JS: The figures in your paintings are situated in elaborate interiors. You use design magazine photographs as sources; can you tell me about this?
MG: The way I begin is with the visceral excitement I feel about a space. In recent years I’ve read more about Jewish history and Yiddish theater. I love some of the 19th-century Yiddish writing, as well as the writers who come out of that tradition, like Isaac Singer and Saul Bellow and Philip Roth.
Shtetl culture was all about people in enclosed spaces. They are living in claustrophobic environments and have very little sense of the outdoors. Nature essentially means trouble, and God is someone you argue with. You don’t, as a Jew, really believe in God. My Orthodox Jewish grandmother didn’t really believe in God. My 96-year-old mother doesn’t really believe in God.
What is real, though, is this fucking family that you’re fighting with all the time – all these people on top of each other constantly laughing and swearing. It is the aliveness of that, but also the humor, the pathos, the death and the sickness, and the amazing whining – all of it.
My work is about the excitement and the intensity of the familial, relationships, and friendships. The enclosure, the scale, the compression, and the complexity of how I make the paintings, which is sort of endless.
JS: Do you always work from photography and found images?
MG: I have always worked from photographs. I could never work from life. If I have a real person, I would just want to talk to them or touch them or get rid of them. Also, I love the distancing relationship to photographs.
There was a brilliant impersonator of Richard Nixon, who I saw on Johnny Carson. One day, as he was performing, he was looking at the palm of his hand. Carson asked what was in his hand. He was sort of embarrassed, but then he said, “I have a picture of Nixon in my hand.” I thought, “Wow. This guy who spent his life impersonating Nixon still needed the fact of Nixon to trigger his imagination.” That was a good analogy for the way I work. I need something specific to begin with. Whatever I give to it comes out of that.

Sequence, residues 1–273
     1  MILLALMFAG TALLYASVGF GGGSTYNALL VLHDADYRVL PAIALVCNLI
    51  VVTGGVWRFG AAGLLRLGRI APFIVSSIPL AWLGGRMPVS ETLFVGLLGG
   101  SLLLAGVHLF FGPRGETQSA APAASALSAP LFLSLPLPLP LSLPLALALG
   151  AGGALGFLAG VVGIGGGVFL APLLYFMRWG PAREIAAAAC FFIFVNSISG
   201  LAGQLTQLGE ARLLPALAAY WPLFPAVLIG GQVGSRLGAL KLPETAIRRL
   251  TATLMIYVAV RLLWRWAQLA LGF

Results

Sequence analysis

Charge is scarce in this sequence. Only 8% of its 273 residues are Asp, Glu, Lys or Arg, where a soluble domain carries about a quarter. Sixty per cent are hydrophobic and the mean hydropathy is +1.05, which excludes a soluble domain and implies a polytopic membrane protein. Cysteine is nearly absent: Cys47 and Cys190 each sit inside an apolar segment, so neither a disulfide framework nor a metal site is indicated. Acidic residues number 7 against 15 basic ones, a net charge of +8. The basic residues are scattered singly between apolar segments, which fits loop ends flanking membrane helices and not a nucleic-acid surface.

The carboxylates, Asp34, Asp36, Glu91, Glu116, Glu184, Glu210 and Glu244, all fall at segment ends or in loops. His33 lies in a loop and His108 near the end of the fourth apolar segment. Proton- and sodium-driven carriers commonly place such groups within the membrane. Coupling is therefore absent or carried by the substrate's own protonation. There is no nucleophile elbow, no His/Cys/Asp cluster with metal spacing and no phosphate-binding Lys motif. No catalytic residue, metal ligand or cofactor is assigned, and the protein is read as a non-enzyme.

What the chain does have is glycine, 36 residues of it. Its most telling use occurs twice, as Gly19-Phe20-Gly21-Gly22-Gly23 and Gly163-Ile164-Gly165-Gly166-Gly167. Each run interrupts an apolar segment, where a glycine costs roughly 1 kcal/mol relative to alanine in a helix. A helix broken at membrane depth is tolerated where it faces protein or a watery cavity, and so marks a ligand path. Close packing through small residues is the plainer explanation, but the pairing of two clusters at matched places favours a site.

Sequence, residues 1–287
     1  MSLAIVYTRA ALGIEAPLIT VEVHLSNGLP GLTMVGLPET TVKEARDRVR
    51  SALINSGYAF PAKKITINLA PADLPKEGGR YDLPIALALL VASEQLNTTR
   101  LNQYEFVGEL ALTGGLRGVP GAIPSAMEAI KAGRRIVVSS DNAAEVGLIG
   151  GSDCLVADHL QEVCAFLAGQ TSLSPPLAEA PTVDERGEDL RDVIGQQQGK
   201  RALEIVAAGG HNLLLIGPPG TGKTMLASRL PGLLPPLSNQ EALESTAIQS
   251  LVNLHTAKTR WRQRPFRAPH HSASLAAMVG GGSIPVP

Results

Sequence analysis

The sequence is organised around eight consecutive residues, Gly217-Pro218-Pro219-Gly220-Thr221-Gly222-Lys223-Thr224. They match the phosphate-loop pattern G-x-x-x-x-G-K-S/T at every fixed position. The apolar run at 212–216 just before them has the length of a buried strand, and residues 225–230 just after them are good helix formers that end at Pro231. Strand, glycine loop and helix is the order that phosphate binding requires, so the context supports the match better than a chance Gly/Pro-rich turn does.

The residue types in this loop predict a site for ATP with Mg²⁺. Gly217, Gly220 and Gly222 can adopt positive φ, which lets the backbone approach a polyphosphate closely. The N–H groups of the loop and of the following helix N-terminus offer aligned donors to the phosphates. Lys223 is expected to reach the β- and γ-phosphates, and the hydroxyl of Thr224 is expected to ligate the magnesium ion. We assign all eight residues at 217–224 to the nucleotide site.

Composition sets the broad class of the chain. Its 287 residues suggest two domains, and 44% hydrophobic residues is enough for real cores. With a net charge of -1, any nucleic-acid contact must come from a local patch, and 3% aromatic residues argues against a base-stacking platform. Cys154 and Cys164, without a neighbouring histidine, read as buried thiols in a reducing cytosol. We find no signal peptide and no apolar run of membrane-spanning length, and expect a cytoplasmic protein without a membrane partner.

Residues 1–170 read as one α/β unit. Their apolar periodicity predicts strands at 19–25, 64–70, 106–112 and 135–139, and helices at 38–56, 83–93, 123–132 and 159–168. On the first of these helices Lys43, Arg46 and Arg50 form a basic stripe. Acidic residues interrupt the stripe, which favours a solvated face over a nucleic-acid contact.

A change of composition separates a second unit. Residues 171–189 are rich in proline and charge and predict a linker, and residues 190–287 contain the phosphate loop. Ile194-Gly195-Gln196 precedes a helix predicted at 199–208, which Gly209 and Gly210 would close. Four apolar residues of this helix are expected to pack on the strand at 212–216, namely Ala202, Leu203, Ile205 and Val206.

JS: I see in your studio that you have only certain sections of the painting visible, and everything else is masked off. Why do you do this? I also see post-its on another panel where you seem to be sketching and making notes on the composition.
MG: I work in fragments. I move around constantly; I don’t work from top to bottom. I’ll work all around and back over things a million different times. That’s why it takes me so long. In a public conversation, Lisa Yuskavage said that I’m playing exquisite corpse with myself. It is absolutely true. I’m creating this frustrated relationship with the whole.
More and more, I’m getting braver in a kind of Frankensteinian way. I’m cutting people up and putting their heads on other bodies or on animals. It is interesting to me. The idea of the consistency of a figure seems like a trope with a conventional history.
But who was crazier with figures than Ingres? Ingres—the paradigm of the classical—took crazy, Cubist risks. Picasso loved Ingres because he fucked with the figure more than anyone. In the portrait, “Comtesse d’Haussonville” (1845), at The Frick Collection, the arm comes right out of the woman’s chest. It is one of the greatest paintings on earth, and it makes no sense; it makes less sense than a de Kooning. To me, that is courage.
The post-its and the sketches are part of my process. In one drawing, I’m telling myself that it doesn’t matter if the head doesn’t fit on the body. I want that, but it is hard, painful, because it is breaking with the facts and using them as a stepping-stone for transformation into a more urgent, more hysterical realm. If there is a term for my work, it should be hysterical realism.
JS: Can you discuss your painting, “Sewing Room (for Barbara)” (1975–79), which shows a man stabbing a woman? What do you consider the violent subject matter about, and what did the critic Lucy Lippard actually say about the painting?
MG: I was living in Los Angeles during the Charles Manson murders. In LA, I had made the painting, “Bright Promise (for Simon)” (1971–75). The people in that painting were not people I knew. I used pornography and magazines as sources. Then, when I started “Sewing Room,” I began to use myself, and people I knew. I painted it after I moved from LA to Albany.
In Los Angeles, I had staged a photo shoot at the home of Tippi Hedren, the actress who starred in Hitchcock’s films. Tippi’s son was in my class at UCLA. In her backyard, there were literally lions and tigers. She was wild. I took pictures of essentially a murder, a sex crime. I thought a movie star’s house would be perfect. Of course, even her palatial mansion in the Hollywood Hills wasn’t perfect. But the photographs I took were horrifying. I was the murderer in some. The photo shoot involved my graduate assistant, who happened to look like my then-wife. My wife was pregnant at the time.
The woman in the painting ended up looking a lot like my wife, and the painting was dedicated to her. But that was done in a loving way. I believe all my work comes out of love. Anything you spend a million years working on is about love.